More advice for driving overseas
Driving abroad is one of the best ways of feeling like you belong. Unless you’re in a city where it makes much more sense to use public transport, then my advice is get behind a wheel. It will boost your confidence levels and more importantly it will give you freedom and independence. Prepare well by reading about the five things you’ll need to get your head around before you start driving abroad, then jump behind the wheel! But take note of these points first:
Know the roads
Make sure you know the roads because laws vary from country to country. It goes without saying how important it is to learn these rules and I suggest you find someone from your native country who has been driving in your adopted country for a while. That way they can confidently talk you through the differences between the two laws rather than telling you absolutely everything.
You also need to find out those strange anomalies about driving abroad which don’t really appear anywhere but which you still need to know about. For example, if you get stopped in the UK by the police, you need to get out of your car and be polite. If you stay in your car they consider it very disrespectful. On the other hand, in America where people carry guns, if you jump out of the car you’re going to find yourself with a gun pointed at you because you’re supposed to sit in your car quietly with your hands on the steering wheel. So just like this example, it’s really useful to ask if there are any quirky rules you need to know about!
Find out where the no-go areas are
The other thing you need to know before heading out is an awareness of which areas are safe and which areas you need to avoid. When I went to LA – which if you’ve been you’ll know is a huge city – I got the map out and was told, as a general rule, I could go anywhere I like west of this point but east of this particular road I had to stay on the freeway. In LA the freeways are the motorways raised above the cities and it was fine to go east as long as I stayed on the freeways and didn’t come off then. So find out which areas are safe and which areas you need to avoid.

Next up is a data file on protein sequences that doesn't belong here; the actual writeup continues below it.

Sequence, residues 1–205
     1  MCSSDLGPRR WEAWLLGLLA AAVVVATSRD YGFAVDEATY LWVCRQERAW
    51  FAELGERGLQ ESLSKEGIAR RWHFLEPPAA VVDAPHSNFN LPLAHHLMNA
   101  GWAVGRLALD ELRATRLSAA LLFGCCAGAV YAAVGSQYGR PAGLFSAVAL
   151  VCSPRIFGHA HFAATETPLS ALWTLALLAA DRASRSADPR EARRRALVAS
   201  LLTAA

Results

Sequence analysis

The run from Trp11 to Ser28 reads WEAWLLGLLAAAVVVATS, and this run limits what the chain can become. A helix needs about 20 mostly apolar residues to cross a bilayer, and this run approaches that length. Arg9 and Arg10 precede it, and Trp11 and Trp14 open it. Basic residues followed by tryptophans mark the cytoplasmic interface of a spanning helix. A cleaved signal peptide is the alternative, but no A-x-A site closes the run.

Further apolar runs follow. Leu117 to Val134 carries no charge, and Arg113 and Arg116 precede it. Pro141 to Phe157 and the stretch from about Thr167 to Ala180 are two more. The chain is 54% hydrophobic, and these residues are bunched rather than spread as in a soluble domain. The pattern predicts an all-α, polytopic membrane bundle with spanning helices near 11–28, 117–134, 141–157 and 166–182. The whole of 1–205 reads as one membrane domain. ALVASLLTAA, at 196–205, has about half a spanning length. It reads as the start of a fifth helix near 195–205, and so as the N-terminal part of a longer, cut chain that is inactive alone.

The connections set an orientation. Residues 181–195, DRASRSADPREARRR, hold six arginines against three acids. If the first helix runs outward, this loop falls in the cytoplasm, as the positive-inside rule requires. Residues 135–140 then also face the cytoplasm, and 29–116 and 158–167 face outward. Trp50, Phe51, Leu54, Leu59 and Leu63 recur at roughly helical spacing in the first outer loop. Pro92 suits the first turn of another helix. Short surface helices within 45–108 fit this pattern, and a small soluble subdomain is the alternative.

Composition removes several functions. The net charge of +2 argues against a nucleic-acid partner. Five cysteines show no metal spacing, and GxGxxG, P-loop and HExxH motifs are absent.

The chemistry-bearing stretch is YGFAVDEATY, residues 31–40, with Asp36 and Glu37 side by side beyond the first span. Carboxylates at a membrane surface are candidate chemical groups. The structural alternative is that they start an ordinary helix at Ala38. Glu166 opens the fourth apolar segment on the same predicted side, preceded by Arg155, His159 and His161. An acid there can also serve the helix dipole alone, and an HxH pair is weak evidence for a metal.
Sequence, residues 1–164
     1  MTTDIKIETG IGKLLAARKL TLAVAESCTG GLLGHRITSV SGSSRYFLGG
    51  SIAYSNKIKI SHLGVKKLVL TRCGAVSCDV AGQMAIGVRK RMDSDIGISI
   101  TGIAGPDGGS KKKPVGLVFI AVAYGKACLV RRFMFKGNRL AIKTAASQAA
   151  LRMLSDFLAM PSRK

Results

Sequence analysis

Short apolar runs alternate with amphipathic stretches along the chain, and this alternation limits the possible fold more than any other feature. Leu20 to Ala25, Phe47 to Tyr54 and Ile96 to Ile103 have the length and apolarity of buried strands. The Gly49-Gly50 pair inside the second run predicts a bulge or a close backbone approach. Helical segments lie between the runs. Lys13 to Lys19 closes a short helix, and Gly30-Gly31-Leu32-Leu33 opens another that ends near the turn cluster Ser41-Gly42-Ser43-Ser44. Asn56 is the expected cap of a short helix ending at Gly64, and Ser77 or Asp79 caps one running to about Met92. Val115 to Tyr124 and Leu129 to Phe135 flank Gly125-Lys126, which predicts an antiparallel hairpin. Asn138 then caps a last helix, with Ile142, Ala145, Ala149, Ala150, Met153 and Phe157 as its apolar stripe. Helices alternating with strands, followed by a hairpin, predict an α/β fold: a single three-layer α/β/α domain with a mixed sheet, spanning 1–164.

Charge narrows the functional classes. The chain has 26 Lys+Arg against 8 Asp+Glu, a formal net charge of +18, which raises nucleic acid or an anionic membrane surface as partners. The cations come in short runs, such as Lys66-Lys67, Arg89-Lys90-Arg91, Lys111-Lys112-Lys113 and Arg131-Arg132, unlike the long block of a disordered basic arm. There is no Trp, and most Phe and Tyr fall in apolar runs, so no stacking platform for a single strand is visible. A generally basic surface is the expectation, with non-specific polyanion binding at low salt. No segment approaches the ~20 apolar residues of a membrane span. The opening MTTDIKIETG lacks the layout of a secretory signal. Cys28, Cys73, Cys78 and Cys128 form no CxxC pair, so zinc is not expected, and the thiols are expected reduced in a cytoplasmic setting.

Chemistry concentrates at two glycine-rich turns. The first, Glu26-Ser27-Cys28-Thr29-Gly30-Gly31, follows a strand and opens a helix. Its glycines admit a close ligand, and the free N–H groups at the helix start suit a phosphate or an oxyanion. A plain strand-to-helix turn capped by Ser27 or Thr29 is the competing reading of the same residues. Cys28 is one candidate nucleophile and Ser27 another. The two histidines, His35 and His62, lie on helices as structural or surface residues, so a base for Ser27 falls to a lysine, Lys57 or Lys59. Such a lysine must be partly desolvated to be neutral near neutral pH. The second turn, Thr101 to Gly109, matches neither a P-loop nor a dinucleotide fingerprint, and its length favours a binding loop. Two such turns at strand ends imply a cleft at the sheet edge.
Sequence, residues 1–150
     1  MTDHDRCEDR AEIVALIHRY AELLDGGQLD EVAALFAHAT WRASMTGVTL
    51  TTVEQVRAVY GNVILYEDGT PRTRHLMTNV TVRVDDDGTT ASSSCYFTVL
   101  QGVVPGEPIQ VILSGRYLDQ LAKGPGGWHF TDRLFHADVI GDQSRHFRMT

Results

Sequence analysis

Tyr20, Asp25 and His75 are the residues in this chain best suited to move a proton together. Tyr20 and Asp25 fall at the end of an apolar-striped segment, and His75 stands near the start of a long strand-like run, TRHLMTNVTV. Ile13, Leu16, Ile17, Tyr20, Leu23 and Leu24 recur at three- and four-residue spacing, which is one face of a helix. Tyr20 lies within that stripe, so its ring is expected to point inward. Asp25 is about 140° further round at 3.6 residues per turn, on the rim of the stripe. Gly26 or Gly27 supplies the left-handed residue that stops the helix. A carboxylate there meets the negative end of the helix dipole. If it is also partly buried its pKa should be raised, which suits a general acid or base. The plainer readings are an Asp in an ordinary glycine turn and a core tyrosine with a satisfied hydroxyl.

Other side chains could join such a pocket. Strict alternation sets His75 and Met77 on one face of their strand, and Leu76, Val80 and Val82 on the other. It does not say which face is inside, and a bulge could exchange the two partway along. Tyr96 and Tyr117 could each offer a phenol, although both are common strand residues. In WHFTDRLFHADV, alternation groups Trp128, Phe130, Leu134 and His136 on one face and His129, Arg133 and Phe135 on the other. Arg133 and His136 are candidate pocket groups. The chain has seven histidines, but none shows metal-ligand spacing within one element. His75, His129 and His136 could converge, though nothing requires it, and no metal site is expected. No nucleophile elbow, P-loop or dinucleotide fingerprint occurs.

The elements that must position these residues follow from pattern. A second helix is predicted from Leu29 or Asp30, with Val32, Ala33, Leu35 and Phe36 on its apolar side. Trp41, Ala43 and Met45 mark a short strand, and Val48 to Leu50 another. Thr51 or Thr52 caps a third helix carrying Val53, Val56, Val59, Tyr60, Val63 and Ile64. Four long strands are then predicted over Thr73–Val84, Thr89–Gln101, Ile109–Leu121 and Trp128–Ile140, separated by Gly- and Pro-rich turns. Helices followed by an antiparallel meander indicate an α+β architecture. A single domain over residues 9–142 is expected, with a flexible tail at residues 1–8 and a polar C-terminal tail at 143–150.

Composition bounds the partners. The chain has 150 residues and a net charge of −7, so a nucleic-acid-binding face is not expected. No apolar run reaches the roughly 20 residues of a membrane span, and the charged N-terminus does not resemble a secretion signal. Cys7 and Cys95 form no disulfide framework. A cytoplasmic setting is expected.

Learn to ignore horns!
If you’re a hesitant driver and someone starts to beep at you, just ignore them! They’ll get over it. Use of the horn is much more common in European countries where if you pause for a millisecond at a junction, you’ll be punished for it. So it’s important, for your own peace of mind that you learn to shut the other drivers out. Just as when you first learned to drive, you’re re-learning to drive now so it may not be all smooth sailing. Be kind to yourself and ignore those horns!
Driving on the ‘wrong side’ of the road
It does take a bit of getting used to but in my experience, it was far easier on busier roads than in quieter, rural areas. When you’re in a flow of traffic it would be really hard (and stupid!) to move out of that lane and drive in the face of oncoming traffic. However if you’re on roads where there’s no-one else you will do what your instinct tells you to do, especially if you’re making a turn and there’s no-one else on the road, and you may up on the wrong side. So be super aware of this especially in rural situations.
I once drove through Europe, driving through four countries in the same number of hours and the signage changed from country to country. By signage I mean the traffic lights are in different places, where they put the road names is different, where they put the yield or give way signs is different and all this can be disorientating to you.
If you are worried by signage, get a feel for it before you go out in the car by yourself. Familiarise yourself with the placement of the signs. And remember humans adapt really quickly when we have to and it will be easier than you think, especially if you have a car designed for the country you are in.
So go for it!
It really is about going out and trying. You don’t need to go for great long drives. Just go and do little drives and make them bigger and bigger each time you go out. As the baby steps get larger it will give you a tremendous sense of achievement. I’ve driven in lots of different European countries as well as America, South Africa and Japan and it is about getting in the car and actually doing it. So my advice is just go for it and it will give you a huge confidence boost, a massive sense of achievement and most of all, your wings.
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